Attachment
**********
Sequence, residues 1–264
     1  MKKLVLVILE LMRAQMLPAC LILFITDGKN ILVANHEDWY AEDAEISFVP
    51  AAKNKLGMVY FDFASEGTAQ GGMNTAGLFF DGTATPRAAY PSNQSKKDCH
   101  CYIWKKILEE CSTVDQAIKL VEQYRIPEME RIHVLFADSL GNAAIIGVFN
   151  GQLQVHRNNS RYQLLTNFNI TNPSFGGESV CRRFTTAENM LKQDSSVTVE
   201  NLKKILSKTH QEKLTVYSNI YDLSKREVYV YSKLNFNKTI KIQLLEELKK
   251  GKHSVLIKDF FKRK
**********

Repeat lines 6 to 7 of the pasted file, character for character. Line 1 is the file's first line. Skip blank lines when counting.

   201  NLKKILSKTH QEKLTVYSNI YDLSKREVYV YSKLNFNKTI KIQLLEELKK
   251  GKHSVLIKDF FKRK